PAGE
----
In a note on the first scene of this comedy, Mr. Pope has particularly objected to the low and trifling conceits which he says are found there and in various other parts of the play before us : but this censure is pronounced without sufficient discrimination, or a due attention to the period when it was produced. Every composition must be examined with a constant reference to the opinions that prevailed when the piece under consideration was written; and if the present comedy be viewed in that light, it will be found that the conceits here objected to were not denominated by any person of Shakspeare's age low and trifling, but were very generally admired, and were considered pure and genuine wit. Nothing can prove the truth of this statement more decisively than a circumstance which I have had occasion to mention elsewhere,--that Sir John Harrington was commonly called by Queen Elizabeth her WITTY godson, and was very generally admired in his own time for the liveliness of his talents and the playfulness of his humour; yet when we examine his writings*, we find no other proof of his wit than those very conceits which have been censured in some of our author's comedies as mean, low, and trifling. It is clear therefore that the notions of our ancestors on this subject were very different from ours; what we condemn, they highly admired; and what we denominate true wit, they certainly would not have relished, and perhaps would scarcely have understood.
Mr. Pope should also have recollected, that in Shakspeare's time, and long before, it was customary in almost every play to introduce a jester, who, with no great propriety, was denominated a clown; whose merriment made a principal part of the entertainment of the lower ranks, and, I believe, of a large portion of the higher orders also. When no clown or jester was intro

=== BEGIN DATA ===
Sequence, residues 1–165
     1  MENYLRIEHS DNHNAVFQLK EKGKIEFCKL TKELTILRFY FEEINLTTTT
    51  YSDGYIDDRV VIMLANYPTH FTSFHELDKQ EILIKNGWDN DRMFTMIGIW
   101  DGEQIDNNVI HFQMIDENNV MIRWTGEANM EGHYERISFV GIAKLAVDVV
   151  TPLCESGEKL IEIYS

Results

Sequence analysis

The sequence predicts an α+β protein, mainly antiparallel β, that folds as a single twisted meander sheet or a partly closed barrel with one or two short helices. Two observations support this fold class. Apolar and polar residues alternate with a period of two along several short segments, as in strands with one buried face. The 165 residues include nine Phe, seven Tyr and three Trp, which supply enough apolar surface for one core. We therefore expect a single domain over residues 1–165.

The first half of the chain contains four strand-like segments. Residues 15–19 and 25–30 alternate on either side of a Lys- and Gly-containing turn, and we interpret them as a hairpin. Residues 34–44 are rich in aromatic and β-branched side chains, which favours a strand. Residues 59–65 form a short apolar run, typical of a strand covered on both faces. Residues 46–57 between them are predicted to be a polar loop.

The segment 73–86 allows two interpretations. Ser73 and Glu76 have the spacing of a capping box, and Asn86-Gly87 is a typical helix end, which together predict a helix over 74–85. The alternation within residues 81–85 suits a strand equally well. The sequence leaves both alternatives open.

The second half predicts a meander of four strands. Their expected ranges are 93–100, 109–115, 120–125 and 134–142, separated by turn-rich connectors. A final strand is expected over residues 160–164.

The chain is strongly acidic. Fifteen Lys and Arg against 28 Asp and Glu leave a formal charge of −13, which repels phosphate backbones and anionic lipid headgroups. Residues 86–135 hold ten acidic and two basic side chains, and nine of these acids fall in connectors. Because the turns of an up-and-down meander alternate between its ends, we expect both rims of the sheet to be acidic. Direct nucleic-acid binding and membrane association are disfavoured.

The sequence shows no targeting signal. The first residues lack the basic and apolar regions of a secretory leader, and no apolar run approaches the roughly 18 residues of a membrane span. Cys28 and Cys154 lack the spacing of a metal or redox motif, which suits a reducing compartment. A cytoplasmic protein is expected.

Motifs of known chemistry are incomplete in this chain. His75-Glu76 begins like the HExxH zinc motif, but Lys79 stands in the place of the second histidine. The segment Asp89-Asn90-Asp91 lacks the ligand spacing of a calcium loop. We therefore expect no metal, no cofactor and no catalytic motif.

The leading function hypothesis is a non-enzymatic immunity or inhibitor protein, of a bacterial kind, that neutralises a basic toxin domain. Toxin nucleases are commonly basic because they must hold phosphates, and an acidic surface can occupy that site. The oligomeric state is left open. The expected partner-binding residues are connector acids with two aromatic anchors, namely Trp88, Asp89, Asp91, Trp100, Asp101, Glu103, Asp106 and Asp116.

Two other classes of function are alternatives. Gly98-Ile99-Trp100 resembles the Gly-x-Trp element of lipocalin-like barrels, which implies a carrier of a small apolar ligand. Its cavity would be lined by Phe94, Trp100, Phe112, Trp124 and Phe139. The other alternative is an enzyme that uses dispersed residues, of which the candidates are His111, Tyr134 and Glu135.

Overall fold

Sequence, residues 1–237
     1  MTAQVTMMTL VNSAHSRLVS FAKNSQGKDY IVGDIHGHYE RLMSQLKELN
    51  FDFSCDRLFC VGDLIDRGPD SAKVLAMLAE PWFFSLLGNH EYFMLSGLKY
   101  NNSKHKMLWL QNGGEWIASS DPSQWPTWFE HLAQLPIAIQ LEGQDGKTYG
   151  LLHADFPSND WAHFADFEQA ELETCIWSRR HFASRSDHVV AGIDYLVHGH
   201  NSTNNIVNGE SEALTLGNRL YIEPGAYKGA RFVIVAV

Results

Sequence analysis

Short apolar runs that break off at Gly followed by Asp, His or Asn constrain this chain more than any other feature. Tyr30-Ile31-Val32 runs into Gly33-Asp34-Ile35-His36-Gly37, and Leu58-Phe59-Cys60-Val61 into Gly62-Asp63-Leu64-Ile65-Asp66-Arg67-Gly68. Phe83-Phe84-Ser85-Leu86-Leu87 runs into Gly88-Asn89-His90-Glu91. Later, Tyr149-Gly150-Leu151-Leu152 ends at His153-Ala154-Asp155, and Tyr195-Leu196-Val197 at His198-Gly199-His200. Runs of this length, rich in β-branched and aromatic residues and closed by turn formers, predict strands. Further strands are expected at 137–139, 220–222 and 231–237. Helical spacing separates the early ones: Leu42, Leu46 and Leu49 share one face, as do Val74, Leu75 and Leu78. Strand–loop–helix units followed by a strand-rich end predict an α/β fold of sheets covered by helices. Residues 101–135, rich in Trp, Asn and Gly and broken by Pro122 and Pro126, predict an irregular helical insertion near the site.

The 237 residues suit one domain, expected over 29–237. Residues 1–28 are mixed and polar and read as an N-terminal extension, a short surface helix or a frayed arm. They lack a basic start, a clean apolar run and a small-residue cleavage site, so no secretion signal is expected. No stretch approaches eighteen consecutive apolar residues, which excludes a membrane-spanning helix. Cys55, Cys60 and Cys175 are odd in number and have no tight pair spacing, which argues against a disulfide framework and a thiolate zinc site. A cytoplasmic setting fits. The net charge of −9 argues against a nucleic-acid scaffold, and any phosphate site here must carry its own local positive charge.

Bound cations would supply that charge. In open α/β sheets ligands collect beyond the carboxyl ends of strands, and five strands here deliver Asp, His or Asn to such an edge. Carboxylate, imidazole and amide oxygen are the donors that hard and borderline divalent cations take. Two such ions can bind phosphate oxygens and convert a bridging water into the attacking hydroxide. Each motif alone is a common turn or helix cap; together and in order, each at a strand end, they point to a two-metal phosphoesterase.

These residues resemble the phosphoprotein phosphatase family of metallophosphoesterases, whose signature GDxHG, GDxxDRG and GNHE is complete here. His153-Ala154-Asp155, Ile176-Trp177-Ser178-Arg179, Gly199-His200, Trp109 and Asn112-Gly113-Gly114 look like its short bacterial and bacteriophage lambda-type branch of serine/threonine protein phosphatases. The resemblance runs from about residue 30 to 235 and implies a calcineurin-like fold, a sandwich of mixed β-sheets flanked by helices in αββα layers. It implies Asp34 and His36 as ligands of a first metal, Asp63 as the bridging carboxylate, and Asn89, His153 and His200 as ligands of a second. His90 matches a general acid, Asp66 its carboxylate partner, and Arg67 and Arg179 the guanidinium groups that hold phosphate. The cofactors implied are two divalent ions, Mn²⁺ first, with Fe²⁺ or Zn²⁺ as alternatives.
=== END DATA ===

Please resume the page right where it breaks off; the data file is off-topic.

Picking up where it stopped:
* See particularly his “ Supplie” (or Supplement] to Godwin's Account of the English Bishops ; which abounds in almost every page with such conceits as we are now speaking of. The titles of some of our poet's comedies, which appear to have been written by the booksellers for whom they were printed, may also be cited for the same purpose; thus we have“ A pleasant conceited comedy called Love's Labour's Lost,” &c. 1598; that is, a comedy full of pleasant conceits. The bookseller doubtless well knew the publick taste, and added this title as more likely to attract purchasers than any other he could devise. See also.“ A most pleasant and excellent conceited comedy of Syr John Falstaffe,” &c. 1602, i. e. à comedy full of excellent con
duced in a comedy, the servants of the principal personages sustained his part; and the dialogue attributed to them was written with a particular view to supply that deficiency, and to amuse the audience by the promptness of their pleasantry and the liveliness of their conceits. Such is the province assigned to those characters in Lilly's comedies, which were performed with great success and admiration for several years before Shakspeare's time; and such are some of the lower characters in this drama, the Comedy of Errors, Love's Labour's Lost, and some others. On what ground therefore is our poet to be condemned for adopting a mode of writing universally admired by his contemporaries, and for not foreseeing that in a century after his death, these dialogues which set the audience in a roar, would by more fastidious criticks be denominated low quibbles and trifling conceits * ?